A USA Today/Gallup poll found 34 percent of respondents who are following news accounts of town hall meetings on healthcare reform were more sympathetic to the protestors’ viewpoints, while 21 percent said the protests had made them less sympathetic.
Chicago Tribune columnist Eric Zorn is surprised the protests haven’t led to a backlash — “Surely the public would recoil at the demonstrators’ preference for confrontation over dialogue. Their wild overstatements and paranoia. Their signs featuring President Barack Obama with a Hitler-style mustache and other vile attempts to compare increasing government’s role in providing health care to the Nazi Holocaust.”
Northwestern University sociologist Aldon Morris explains that ultimately it comes down to whether the protest itself “resonates with the uncertainties and fears that already exist in society” — and this trumps the outrageous and offensive tactics. Zorn lays out the following conditions that protesters have seized upon so successfully:
Uncertainty. There is as yet no one plan for proponents to defend, so every idea remains an attack target.
Anxiety. The fear that reform, whatever it turns out to entail, will make things worse for the 78 percent of Americans who have coverage and are at least somewhat satisfied with it, according to a recent Time poll. And, of course, that it will sink our nation even deeper into debt during a period of economic crisis.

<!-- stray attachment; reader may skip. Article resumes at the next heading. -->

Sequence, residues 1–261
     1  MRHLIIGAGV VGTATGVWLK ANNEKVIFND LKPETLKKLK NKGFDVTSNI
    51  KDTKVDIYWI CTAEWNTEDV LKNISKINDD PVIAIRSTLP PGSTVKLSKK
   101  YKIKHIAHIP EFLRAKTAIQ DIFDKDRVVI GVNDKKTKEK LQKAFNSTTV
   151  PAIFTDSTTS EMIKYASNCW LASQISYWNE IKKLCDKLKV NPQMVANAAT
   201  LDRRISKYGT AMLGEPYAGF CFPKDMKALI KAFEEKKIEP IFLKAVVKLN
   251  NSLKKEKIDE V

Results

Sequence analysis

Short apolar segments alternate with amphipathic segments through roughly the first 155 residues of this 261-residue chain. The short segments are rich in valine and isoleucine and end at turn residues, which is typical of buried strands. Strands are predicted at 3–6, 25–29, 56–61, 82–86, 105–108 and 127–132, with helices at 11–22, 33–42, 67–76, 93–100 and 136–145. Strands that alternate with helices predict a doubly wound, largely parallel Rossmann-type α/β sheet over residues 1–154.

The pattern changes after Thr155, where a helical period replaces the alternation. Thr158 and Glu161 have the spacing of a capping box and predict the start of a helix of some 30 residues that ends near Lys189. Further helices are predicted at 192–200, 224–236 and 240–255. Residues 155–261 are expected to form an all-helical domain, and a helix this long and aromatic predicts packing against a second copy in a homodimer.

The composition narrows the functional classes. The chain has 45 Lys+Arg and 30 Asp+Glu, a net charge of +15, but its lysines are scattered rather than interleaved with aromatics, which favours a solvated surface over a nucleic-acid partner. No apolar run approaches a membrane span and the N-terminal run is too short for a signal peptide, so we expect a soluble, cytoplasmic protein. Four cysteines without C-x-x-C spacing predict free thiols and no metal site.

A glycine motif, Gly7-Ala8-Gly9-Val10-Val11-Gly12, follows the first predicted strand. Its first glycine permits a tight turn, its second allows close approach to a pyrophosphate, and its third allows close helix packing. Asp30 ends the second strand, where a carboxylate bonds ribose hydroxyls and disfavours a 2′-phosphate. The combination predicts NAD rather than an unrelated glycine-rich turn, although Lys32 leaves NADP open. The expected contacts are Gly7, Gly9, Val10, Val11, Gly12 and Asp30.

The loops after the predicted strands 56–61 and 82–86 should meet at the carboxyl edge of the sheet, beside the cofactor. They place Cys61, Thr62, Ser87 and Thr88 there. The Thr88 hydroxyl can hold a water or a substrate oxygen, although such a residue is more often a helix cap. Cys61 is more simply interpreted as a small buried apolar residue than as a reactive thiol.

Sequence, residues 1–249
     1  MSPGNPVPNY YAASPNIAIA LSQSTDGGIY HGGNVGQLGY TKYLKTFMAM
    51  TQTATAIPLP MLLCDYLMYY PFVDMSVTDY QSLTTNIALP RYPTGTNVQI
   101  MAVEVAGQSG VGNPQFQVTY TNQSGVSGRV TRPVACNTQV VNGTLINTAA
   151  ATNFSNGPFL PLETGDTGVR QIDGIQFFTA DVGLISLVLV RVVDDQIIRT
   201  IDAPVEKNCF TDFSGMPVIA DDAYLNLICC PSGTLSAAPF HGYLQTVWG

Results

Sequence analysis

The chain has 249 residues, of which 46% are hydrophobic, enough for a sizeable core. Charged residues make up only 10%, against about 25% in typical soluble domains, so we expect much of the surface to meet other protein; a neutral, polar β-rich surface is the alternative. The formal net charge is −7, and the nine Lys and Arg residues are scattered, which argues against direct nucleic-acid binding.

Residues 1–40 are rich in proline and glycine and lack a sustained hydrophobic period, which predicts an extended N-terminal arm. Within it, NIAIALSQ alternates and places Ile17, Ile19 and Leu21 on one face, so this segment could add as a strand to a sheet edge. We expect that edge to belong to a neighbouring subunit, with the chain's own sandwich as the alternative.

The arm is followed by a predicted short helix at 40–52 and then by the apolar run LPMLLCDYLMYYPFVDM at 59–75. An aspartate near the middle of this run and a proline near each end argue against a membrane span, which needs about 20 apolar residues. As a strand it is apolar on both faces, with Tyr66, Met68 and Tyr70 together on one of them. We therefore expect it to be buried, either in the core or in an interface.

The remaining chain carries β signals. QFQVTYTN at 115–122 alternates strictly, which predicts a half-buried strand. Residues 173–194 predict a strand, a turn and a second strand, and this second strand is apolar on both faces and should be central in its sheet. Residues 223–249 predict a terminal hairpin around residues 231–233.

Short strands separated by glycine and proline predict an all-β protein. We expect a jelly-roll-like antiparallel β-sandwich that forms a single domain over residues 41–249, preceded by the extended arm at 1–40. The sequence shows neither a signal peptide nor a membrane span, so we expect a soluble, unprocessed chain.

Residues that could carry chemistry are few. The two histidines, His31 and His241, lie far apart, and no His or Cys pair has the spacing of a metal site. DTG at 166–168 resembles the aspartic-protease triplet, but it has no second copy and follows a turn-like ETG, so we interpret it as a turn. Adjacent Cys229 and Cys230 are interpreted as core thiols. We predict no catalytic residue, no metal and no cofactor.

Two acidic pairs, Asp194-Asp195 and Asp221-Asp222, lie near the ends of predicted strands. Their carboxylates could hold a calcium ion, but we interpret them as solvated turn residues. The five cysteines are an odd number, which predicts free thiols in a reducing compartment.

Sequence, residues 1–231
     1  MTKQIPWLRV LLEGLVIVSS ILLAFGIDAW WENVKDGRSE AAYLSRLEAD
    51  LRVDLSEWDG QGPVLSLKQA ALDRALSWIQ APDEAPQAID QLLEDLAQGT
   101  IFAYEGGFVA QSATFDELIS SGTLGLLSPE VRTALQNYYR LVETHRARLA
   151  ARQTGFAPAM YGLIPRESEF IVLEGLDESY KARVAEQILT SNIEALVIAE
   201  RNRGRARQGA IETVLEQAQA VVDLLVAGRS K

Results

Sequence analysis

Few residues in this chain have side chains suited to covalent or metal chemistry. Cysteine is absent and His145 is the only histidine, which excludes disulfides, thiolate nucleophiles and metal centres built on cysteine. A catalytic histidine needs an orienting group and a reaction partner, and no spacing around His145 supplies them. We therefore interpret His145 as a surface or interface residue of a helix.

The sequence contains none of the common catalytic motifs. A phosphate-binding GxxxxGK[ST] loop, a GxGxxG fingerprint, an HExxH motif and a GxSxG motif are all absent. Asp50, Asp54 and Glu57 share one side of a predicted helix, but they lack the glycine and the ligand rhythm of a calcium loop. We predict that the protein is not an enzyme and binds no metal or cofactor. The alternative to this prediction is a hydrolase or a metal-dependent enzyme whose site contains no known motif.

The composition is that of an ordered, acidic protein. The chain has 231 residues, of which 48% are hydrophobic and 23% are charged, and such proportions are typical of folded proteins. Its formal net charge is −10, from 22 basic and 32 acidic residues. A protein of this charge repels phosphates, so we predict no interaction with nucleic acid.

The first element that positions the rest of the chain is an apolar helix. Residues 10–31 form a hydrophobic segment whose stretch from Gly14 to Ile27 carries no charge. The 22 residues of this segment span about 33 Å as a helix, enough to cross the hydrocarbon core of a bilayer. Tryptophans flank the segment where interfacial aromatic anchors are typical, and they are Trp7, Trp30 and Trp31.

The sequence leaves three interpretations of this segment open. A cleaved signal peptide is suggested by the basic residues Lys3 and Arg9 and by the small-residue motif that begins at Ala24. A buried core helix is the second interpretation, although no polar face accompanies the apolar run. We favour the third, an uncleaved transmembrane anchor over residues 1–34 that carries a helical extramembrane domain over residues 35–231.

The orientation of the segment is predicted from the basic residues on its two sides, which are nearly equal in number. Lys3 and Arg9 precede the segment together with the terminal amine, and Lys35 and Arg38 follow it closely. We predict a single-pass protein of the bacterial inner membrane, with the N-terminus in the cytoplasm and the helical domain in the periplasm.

Apathy. Backers of reform have been comparatively lackluster in their advocacy, in part because they have nothing specific to advocate for. But if, as other recent polls suggest, a majority of Americans believe our health-care system needs a major overhaul, you’d never know it judging by the passion gap between the two sides.
Combine that with an exploitation of racial and ideological fears and economic anxiety, and you get the toxic mix that we see every day on the news. An African-American president as Hitler? Go figure. But as Republicans appear unwilling to calm the fire — or contribute substantive reform suggestions — Democrats are realizing they may have to pursue a health care bill on their own.
Meanwhile, Rep. Barney Frank (D-Mass.) is making headlines for chiding a woman holding a poster with an image of Obama as Hitler. At a town hall meeting last night in Massachussetts, Frank gave up trying to reason with the unreasonable: